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ORIGINAL ARTICLE
Year : 2016  |  Volume : 144  |  Issue : 6  |  Page : 823-830

Number of decidual natural killer cells & macrophages in pre-eclampsia


1 Department of Gynecology & Obstetrics; Department of Clinic of Gynecology & Obstetrics, Clinical Center Nis, Nis, Serbia
2 Department of Pathology, Faculty of Medicine, University of Nis; Department of Pathology & Pathological Anatomy Center, Clinical Center Nis, Nis, Serbia
3 Department of Clinic of Gynecology & Obstetrics, Clinical Center Nis, Nis, Serbia
4 Department of Pathology, Faculty of Medicine, University of Nis, Nis, Serbia

Date of Submission18-May-2015
Date of Web Publication28-Apr-2017

Correspondence Address:
Jelena Milosevic-Stevanovic
Clinic of Gynecology & Obstetrics, Clinical Center Nis, Blvd. Dr Zorana Djindjica 48, Nis 18000
Serbia
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Source of Support: None, Conflict of Interest: None


DOI: 10.4103/ijmr.IJMR_776_15

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   Abstract 

Background & objectives: The process of human placentation is complex and still not well understood. This study was aimed to examine the relationship between clinical features of pre-eclampsia and degree of trophoblastic invasion after its immunohistochemical visualization in the context of possible alterations in the number of natural killer (NK) cells and macrophages in the decidua.
Methods: This prospective study included a study group comprising 30 pregnant women with pre-eclampsia delivered by caesarean section and a control group comprising 20 healthy pregnant women also delivered by caesarean section. Samples of placental bed obtained during caesarean section were analyzed after immunohistochemical labelling CD56 + NK cells, CD68 + macrophages and cytokeratin 7 trophoblastic cells.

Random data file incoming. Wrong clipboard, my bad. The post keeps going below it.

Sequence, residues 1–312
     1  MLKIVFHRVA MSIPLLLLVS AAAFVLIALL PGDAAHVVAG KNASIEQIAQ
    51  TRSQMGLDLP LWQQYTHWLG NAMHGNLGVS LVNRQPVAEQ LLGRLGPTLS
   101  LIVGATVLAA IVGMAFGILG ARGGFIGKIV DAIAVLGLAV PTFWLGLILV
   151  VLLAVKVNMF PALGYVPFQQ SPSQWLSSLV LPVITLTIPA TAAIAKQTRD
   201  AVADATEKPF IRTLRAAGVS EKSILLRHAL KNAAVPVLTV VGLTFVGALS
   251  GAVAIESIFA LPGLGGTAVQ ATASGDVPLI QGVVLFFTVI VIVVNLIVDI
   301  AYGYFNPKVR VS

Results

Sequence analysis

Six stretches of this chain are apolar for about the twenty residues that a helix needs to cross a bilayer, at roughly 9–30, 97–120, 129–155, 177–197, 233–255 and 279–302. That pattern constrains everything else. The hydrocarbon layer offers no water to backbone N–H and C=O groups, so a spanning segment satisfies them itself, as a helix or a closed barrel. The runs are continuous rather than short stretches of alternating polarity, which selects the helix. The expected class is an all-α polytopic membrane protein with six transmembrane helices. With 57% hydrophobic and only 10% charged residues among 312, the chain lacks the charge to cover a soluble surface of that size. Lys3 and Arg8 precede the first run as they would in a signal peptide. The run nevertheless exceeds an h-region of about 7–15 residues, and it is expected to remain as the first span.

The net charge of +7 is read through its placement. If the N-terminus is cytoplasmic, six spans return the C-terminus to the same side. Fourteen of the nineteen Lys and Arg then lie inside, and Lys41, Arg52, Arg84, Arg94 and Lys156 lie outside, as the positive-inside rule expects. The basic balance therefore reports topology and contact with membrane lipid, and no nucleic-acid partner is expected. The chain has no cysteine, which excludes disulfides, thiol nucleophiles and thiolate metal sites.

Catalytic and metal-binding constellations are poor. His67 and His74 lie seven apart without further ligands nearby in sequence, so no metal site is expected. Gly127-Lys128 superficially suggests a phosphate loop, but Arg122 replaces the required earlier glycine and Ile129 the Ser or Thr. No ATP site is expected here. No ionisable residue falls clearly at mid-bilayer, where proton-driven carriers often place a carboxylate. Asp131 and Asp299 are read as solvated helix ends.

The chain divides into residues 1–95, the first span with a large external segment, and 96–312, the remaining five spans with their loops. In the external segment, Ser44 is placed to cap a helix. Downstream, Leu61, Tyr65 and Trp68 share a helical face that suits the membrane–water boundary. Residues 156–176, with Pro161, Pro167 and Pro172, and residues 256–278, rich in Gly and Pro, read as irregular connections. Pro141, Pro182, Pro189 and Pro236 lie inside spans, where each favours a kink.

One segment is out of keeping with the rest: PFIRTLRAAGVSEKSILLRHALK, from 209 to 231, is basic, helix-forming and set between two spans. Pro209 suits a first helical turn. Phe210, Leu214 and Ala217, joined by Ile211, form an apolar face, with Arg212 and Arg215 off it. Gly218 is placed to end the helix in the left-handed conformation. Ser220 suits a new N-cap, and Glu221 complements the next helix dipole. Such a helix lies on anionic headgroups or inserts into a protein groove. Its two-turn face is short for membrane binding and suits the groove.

Results: In pre-eclampsia, there was a significantly lower number of CD56 + NK cells in the decidua (P<0.001) and a higher number of CD68 + macrophages (P<0.001) compared to control group. In the subgroup of pre-eclampsia with intrauterine growth retardation (IUGR), a significantly greater number of NK cells (P<0.05) was recorded, as well as an increased number of macrophages, but not significantly compared to pre-eclampsia without IUGR. There was no significant difference in the distribution of these cells in the decidua in relation to the severity of pre-eclampsia. CD56 + NK cells were significantly less (P<0.05) and macrophages were more (P<0.05) in the group with poor trophoblastic invasion.
Interpretation & conclusions: Alterations in the number of immune cells in relation to the degree of trophoblastic invasion indicated their role in aetiopathogenesis of pre-eclampsia, while the direct association between their number and severity of pre-eclampsia was not confirmed.

Keywords: Decidua - macrophages - natural killer cells - preeclampsia - trophoblast


How to cite this article:
Milosevic-Stevanovic J, Krstic M, Radovic-Janosevic D, Popovic J, Tasic M, Stojnev S. Number of decidual natural killer cells & macrophages in pre-eclampsia. Indian J Med Res 2016;144:823-30

How to cite this URL:
Milosevic-Stevanovic J, Krstic M, Radovic-Janosevic D, Popovic J, Tasic M, Stojnev S. Number of decidual natural killer cells & macrophages in pre-eclampsia. Indian J Med Res [serial online] 2016 [cited 2020 May 28];144:823-30. Available from: http://www.ijmr.org.in/text.asp?2016/144/6/823/205346